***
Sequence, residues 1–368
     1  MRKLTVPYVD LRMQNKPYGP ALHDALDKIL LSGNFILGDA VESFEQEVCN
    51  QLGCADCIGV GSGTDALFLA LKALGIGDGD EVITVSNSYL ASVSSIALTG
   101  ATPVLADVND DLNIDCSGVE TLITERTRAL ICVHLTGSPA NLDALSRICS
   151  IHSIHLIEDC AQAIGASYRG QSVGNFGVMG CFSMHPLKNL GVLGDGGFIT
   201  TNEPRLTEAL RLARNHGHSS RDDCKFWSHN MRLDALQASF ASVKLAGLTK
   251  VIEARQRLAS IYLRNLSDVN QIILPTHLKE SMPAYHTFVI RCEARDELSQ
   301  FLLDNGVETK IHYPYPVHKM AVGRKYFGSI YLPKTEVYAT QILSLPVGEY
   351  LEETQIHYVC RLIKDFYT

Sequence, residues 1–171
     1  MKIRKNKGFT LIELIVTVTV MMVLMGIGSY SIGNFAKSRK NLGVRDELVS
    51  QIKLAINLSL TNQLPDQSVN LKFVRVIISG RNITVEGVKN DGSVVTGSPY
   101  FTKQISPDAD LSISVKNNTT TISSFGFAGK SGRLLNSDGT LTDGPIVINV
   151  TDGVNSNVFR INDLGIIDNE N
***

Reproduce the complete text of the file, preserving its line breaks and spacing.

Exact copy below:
Sequence, residues 1–368
     1  MRKLTVPYVD LRMQNKPYGP ALHDALDKIL LSGNFILGDA VESFEQEVCN
    51  QLGCADCIGV GSGTDALFLA LKALGIGDGD EVITVSNSYL ASVSSIALTG
   101  ATPVLADVND DLNIDCSGVE TLITERTRAL ICVHLTGSPA NLDALSRICS
   151  IHSIHLIEDC AQAIGASYRG QSVGNFGVMG CFSMHPLKNL GVLGDGGFIT
   201  TNEPRLTEAL RLARNHGHSS RDDCKFWSHN MRLDALQASF ASVKLAGLTK
   251  VIEARQRLAS IYLRNLSDVN QIILPTHLKE SMPAYHTFVI RCEARDELSQ
   301  FLLDNGVETK IHYPYPVHKM AVGRKYFGSI YLPKTEVYAT QILSLPVGEY
   351  LEETQIHYVC RLIKDFYT

Sequence, residues 1–171
     1  MKIRKNKGFT LIELIVTVTV MMVLMGIGSY SIGNFAKSRK NLGVRDELVS
    51  QIKLAINLSL TNQLPDQSVN LKFVRVIISG RNITVEGVKN DGSVVTGSPY
   101  FTKQISPDAD LSISVKNNTT TISSFGFAGK SGRLLNSDGT LTDGPIVINV
   151  TDGVNSNVFR INDLGIIDNE N